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Managed vs Unmanaged Switch: Which One Can Fit Your Real Need?

Updated on Dec 31, 2021 by
87.6k

Are you looking to upgrade your network infrastructure but unsure which switch type suits your needs? In this article, we will explore the differences between managed and unmanaged switches so that you can decide which one is right for you. We'll look at their features, benefits, and drawbacks to help determine which switch type can satisfy your real needs.

Managed Switch and Unmanaged Switch: What Are They?

What is a Managed Switch?

Typically, managed switch employ the SNMP protocol, which allows users to monitor the status of the switch and its ports, allowing you to read out throughput, port utilization, and more. Managed switches are designed and configured for high workloads, high traffic, and deployments that require customization. In large data centers and enterprise networks, fully managed switches are often used as the core layer of the network, providing a wide range of tools and functions.

Figure 1: S5850-48T4Q, L3 Managed Switch

 

What is an Unmanaged Switch?

An unmanaged switch requires no configuration and is easy to set up. The unmanaged switch only allows Ethernet devices to communicate with each other by providing network connectivity, with no management function.

Figure 2: S1900-16TP, L2 Unmanaged Switch

Exploring the Benefits of Managed and Unmanaged Switch

Managed switch:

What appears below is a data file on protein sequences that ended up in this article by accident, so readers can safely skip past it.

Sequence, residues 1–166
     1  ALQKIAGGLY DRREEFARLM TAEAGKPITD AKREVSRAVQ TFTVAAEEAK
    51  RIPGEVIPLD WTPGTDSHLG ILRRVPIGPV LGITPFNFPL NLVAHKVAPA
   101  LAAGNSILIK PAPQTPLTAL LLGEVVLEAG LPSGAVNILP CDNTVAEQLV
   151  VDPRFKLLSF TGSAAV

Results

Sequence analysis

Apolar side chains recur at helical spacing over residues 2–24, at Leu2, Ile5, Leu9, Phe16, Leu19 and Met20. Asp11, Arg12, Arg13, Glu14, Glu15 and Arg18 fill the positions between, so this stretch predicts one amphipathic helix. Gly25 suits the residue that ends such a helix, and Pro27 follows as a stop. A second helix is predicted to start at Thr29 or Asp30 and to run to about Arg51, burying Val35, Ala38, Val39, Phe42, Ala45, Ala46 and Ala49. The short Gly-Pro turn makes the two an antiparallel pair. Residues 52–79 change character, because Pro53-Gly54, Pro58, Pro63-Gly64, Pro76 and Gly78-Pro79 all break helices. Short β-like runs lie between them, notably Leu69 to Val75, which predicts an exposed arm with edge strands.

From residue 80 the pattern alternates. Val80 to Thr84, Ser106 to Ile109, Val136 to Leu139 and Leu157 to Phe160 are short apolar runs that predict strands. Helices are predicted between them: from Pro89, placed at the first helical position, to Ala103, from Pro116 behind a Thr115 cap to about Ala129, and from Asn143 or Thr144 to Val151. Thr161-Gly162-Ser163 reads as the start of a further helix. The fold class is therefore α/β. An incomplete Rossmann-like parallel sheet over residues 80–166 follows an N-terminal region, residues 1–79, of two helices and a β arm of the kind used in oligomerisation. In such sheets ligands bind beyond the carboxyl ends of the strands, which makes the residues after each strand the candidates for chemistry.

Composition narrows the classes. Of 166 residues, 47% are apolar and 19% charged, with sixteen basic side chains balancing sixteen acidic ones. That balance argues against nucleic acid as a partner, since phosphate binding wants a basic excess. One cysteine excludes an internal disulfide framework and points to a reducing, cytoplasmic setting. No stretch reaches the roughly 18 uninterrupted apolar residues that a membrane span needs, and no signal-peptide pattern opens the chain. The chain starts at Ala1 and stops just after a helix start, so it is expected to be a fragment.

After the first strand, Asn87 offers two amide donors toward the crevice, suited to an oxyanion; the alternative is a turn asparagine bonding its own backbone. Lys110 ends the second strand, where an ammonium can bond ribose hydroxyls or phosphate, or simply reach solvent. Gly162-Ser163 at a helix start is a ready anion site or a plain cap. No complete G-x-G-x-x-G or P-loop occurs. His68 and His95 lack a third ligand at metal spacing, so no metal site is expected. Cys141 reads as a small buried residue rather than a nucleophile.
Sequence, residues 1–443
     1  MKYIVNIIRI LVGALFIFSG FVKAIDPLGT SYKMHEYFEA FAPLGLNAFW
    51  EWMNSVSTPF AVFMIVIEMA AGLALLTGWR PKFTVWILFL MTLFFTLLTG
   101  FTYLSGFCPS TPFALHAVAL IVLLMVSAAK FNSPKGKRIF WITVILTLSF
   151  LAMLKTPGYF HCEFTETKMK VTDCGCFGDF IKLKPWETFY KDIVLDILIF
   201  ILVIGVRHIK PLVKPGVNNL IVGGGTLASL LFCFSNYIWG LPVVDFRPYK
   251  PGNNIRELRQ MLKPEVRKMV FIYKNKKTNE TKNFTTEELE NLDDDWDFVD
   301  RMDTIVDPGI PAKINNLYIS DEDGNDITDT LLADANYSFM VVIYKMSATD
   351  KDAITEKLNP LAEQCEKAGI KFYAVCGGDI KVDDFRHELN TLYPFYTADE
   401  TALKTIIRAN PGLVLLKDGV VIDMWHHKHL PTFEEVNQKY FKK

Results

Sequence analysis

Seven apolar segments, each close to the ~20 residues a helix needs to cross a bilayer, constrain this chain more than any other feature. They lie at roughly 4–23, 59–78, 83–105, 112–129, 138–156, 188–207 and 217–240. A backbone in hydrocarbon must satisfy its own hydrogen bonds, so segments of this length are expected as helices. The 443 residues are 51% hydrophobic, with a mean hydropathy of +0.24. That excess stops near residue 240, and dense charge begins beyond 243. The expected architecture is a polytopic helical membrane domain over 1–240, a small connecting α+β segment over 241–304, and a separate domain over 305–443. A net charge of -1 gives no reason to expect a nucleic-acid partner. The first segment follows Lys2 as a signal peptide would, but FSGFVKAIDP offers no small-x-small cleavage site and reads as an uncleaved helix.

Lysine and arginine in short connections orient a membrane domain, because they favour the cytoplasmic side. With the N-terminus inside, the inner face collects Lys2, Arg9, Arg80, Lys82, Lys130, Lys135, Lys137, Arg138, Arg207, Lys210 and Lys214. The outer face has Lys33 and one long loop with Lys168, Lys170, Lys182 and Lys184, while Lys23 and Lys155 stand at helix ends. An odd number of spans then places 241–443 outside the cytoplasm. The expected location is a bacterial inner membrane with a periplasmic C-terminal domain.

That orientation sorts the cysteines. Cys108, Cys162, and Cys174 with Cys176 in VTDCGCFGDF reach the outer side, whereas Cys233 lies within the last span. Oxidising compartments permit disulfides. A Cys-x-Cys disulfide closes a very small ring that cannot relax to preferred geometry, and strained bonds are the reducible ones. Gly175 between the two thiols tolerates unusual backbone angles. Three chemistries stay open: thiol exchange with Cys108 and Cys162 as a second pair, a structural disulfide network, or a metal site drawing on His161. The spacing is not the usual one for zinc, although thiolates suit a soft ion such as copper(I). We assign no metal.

• Can be deployed in a wider array of topologies such as Spanning Tree Protocol, ring, mesh, stacking, and aggregation. These allow for greater redundancy and reliability.

• Ease of managing and troubleshooting large networks, through remote management, software-defined network (SDN) management, access to telemetry data showing traffic flow, and even supplying of electric power to endpoint devices.

• Many security features to control who is accessing the network, monitor for attacks, and help remediate any breaches that occur.

• Ability to optimize the performance of devices and applications on the network, through quality-of-service (QoS) features that help prioritize traffic and group types of devices that use common services.

Unmanaged switch:

• Plug-and-play operation that relies on auto-negotiation for settings.

• Suitability is limited to simple network topologies, such as star and daisy chains.

• Ability to create and store MAC-address tables, making traffic management a step better than with the use of Ethernet hubs.

• No distinction in how the switches treat multicast traffic and broadcast traffic, which can cause severe congestion issues called broadcast storms (a problem especially for industrial IoT devices, which often rely on multicast traffic for device-related commands).

What Key Differences Exist Between Managed and Unmanaged Switch?

Managed switches and unmanaged switches differ in four areas: configuration, performance, safety, and cost.

Flexibility in configuration

Managed switches allow customers to tailor, design, and filter LANs. They help users manage traffic efficiently and enable users to create new LANs and separate smaller devices. What's more, its advanced features enable users to recover data in case of device or network failure.

Although unmanaged switches are simple to operate, their pre-installed configuration prevents you from making changes to the networks. Because of this, new businesses with limited data exchange use it the most.